thought the theory marred by an 'ugly dark spot'. Although he defended it in public, Einstein was never fully convinced by the Entwurf theory, and it was not received well by other physicists. To make matters worse, he went on to 'prove' that suitable, generally covariant, field equations were not attainable since they violated causality, though he later realized that his arguments were flawed.

68 Einstein Die Grundlage der allgemeinen Relativitatstheorie (1916). English translation in

From a letter to Lorentz in August 1913. Quoted from Norton (1984). A mathematical treatment of Einstein's arguments against general covariance is given in Earman and Glymour (1978b); (see also Howard and Norton (1993)).

Einstein and Grossman did not comment on the effect of their theory on the perihelion of Mercury, though Einstein did work it out subsequently in collaboration with an old friend from his student days Michele Besso.1 Their value of 18 ' per century was not published, but was confirmed by Johannes Droste in 1915. In fact, throughout the development of general relativity, Einstein rarely mentioned perihelion shifts, but paid much more attention to light deflection and redshift calculations. This was probably because, since the effects of other matter may well be important, he was not confident that a new theory of gravitation eventually would yield all of the missing 43 '. The same was true of the other competitors in the race for a new theory of gravity. However, immediately after Einstein arrived at the generally covariant field equations for gravity in 1915, he wrote to Sommerfeld and gave three reasons for turning his back on the Entwurf theory, one of which was the fact that it did not give the correct advance for the perihelion of Mercury.72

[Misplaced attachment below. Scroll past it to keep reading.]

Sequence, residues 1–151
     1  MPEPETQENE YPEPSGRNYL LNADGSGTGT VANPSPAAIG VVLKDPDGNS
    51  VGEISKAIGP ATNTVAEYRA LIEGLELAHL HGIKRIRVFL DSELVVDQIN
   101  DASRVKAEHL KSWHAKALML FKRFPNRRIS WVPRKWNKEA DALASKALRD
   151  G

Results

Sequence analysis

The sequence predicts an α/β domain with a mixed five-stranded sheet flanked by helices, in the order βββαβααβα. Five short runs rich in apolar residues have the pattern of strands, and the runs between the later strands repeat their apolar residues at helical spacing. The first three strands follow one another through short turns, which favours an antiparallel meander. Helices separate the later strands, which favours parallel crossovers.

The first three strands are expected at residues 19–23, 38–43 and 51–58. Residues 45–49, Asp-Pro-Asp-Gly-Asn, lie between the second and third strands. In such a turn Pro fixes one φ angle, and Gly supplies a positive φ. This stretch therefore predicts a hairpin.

When Einstein moved to Berlin in 1914, there were two theories of gravitation deserving attention: his and Nordstrom's. The latter was much simpler but did not satisfy Einstein's principle of equivalence. Moreover, since c is constant in the Nordstrom approach, it predicts no deflection for light passing close to the Sun and, hence, there was the possibility of deciding between the alternatives through observation.

On astronomical matters Einstein usually turned for help to his friend, Erwin

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